To many skeptics, particularly on the right, the spectacular failure of the solar-panel manufacturer Solyndra in 2011, after receiving a $535 million loan guarantee from the Department of Energy, demonstrated the industry’s shaky future and the danger of government efforts to subsidize it to success.
Fast forward to today. Solar energy prices have continued to fall rapidly, twice as many Americans work in the solar industry as in coal mining, and last year one-third of new electricity generation came from solar power.
Solar, long viewed through the lens of crony capitalism, has shown the ability to inject real market competition in energy distribution, one of the last monopolies in the energy sector, while improving the efficiency of the grid and putting more dollars in the pockets of middle-class Americans. Conservatives, in other words, need to take another look at solar.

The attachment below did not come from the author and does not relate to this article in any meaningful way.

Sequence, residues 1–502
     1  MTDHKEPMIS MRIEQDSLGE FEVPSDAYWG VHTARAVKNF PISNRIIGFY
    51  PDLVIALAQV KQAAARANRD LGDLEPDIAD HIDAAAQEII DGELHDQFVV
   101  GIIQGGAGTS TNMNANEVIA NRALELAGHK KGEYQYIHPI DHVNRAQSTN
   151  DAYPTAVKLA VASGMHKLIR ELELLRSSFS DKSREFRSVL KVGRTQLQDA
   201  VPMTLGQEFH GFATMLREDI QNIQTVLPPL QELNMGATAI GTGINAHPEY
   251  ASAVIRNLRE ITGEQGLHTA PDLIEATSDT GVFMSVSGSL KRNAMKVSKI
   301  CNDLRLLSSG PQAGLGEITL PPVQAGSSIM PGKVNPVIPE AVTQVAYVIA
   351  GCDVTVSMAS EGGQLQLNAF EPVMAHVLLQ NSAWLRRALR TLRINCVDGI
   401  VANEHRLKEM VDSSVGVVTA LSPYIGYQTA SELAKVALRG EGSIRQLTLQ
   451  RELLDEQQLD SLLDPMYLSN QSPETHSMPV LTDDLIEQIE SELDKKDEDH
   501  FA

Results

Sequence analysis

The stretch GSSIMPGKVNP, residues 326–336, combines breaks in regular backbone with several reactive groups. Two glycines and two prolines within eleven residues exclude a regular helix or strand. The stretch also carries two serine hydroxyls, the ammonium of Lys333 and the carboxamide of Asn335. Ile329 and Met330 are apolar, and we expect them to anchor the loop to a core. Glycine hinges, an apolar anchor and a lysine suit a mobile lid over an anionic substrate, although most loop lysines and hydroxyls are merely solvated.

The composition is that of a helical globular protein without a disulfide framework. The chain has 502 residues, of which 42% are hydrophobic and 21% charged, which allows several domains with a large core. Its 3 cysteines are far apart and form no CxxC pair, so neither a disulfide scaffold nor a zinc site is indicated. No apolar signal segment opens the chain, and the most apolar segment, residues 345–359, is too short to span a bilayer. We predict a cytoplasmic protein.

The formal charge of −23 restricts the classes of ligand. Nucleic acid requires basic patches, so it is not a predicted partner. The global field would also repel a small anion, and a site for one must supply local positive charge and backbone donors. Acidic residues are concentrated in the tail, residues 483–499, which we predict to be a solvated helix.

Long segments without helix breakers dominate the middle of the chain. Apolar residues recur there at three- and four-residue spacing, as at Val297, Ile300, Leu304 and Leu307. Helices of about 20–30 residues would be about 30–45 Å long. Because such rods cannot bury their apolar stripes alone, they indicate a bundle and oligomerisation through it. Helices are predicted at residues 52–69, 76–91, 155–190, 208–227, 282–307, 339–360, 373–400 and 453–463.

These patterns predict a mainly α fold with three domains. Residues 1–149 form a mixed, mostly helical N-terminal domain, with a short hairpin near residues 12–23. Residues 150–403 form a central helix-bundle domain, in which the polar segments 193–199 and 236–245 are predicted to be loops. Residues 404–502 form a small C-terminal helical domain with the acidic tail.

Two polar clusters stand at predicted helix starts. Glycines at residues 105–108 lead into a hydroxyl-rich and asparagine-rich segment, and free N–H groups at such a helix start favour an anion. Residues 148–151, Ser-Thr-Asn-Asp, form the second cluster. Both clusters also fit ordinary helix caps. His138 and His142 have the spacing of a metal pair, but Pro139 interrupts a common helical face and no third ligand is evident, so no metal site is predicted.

The case for solar isn’t limited to prices and jobs. Consumers want choice. Unfortunately, in most markets around the country, electricity is still one of the few areas where we have virtually no choice over our supplier. Imagine you want to buy a G.M. car, but you were told you can buy only a Toyota. You’d be outraged — yet this is how almost all Americans are forced to procure their electricity.